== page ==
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A Continuum of Care: Living with Colorectal Cancer

Published on Jun. 19, 2020

Munson Healthcare Cancer Patient

At first glance, you wouldn’t know Cindy Timmer is living with stage IV colorectal cancer.

In fact, she bounces around her Traverse City home with the energy of a woman half her age. A retired landscape and interior designer, Cindy lights up when showing photos of her two children and three grandchildren.

She loves her space – admiring the city from her balcony at the top of Wayne Hill and describing the rooms she curated for her and Ed, her husband of 50 years.

Cindy’s an active wife, mother, grandmother, dog walker, cross country skier, and occasional kayaker. It just so happens the 72-year-old is fighting the second-most common cancer diagnosed in the United States.


A Surprise Diagnosis

In December 2015, a sudden bout of gastrointestinal and respiratory distress sent Cindy to Munson Medical Center. After receiving antibiotics, she developed a fever and worsening symptoms resulting in hospitalization. The verdict: a severe case of Clostridium difficile colitis (commonly known as C. diff).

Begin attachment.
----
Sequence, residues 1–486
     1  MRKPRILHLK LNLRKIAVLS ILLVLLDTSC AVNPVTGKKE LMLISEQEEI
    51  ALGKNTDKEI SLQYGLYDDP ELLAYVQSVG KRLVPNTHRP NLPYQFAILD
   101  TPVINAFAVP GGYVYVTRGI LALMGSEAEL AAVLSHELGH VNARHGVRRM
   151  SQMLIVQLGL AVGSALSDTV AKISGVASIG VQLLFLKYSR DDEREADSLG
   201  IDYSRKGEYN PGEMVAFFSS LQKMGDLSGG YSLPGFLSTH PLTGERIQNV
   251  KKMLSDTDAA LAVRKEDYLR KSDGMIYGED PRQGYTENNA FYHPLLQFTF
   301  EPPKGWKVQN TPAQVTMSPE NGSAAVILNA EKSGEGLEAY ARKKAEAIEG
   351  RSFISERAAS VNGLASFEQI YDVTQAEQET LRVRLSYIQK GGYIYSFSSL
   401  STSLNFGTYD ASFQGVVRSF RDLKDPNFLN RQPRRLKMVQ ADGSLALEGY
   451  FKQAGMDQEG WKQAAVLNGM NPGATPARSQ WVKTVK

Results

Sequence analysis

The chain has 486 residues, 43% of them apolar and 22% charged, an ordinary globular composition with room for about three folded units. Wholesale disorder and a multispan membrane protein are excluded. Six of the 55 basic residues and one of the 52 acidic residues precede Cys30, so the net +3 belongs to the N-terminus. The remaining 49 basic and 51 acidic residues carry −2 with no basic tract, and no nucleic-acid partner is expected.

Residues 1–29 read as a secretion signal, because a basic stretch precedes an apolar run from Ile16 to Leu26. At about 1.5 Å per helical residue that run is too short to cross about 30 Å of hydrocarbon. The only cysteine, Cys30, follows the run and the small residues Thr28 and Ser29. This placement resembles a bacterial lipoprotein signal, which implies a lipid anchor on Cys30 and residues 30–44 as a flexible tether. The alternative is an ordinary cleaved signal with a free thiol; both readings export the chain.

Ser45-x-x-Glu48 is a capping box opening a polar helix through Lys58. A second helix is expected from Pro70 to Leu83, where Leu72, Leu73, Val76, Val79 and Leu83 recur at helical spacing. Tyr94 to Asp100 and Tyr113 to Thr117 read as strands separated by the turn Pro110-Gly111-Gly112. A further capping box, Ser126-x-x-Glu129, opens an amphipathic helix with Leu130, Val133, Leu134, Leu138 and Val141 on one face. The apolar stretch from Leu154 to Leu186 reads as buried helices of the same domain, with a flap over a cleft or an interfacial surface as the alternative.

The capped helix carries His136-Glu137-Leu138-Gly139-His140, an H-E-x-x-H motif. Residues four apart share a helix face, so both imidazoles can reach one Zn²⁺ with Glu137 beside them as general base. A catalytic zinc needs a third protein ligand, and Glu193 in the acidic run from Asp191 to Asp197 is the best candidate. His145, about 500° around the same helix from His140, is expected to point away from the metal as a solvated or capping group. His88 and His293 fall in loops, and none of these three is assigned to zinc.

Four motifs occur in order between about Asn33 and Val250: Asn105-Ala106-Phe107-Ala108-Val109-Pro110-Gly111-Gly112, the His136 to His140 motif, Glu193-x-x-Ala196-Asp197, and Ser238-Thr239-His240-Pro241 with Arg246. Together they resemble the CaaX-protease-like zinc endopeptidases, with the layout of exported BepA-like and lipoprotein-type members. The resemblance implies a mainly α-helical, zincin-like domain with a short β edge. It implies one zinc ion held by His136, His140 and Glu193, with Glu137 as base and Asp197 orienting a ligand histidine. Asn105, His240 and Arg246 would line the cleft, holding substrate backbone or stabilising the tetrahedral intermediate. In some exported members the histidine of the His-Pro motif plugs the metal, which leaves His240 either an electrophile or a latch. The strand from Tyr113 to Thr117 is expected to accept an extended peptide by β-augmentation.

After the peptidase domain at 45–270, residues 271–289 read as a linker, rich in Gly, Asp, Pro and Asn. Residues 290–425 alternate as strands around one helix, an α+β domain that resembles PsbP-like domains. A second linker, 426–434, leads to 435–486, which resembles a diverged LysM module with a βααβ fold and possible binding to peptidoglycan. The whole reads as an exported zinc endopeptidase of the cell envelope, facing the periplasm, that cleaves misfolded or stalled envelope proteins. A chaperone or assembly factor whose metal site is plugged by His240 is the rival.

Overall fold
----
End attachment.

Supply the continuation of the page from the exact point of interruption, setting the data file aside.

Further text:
After recovery, occasional bouts of post-meal diarrhea were deemed her new normal.

Cut to summer, 2017. Cindy felt an aching pain in her right hip and groin after a day of backyard landscaping. While seeing her internist, Marci Bultemeier, DO, Grand Traverse Internal & Family Medicine, she didn’t think to mention her sleep difficulties due to constant restless leg syndrome – a malady she self-diagnosed as a “family trait.”

Chronic GI Issues

By Thanksgiving, her GI issues and nervous leg had become chronic. At Ed’s urging, Cindy consulted her doctor once again. A blood test revealed severe anemia possibly due to cancer. Her gastroenterologist, Jeffrey Goldman, MD, Digestive Health Associates, performed a colonoscopy and a CAT scan revealing a 4+ cm tumor in her colon. Her diagnosis: invasive adenocarcinoma of the ascending colon with possible periaortic lymph node involvement.

It wasn’t long before Cindy scheduled a pre-surgery appointment with colorectal surgeon Richard Tooley, MD, FACS. “While awaiting consult, my daughter did extensive research on both my tumor location and possible metastasis,” Cindy said. “Her detailed email to me entitled ‘One & Done’ was a cry for one surgery to remove all cancer sites at the Rochester Mayo Clinic.”

Dr. Tooley heard Cindy’s concerns and approved an additional PET scan to further define the distant lymph node involvement. The PET scan confirmed tumor activity in the distant nodes, which required open abdominal surgery.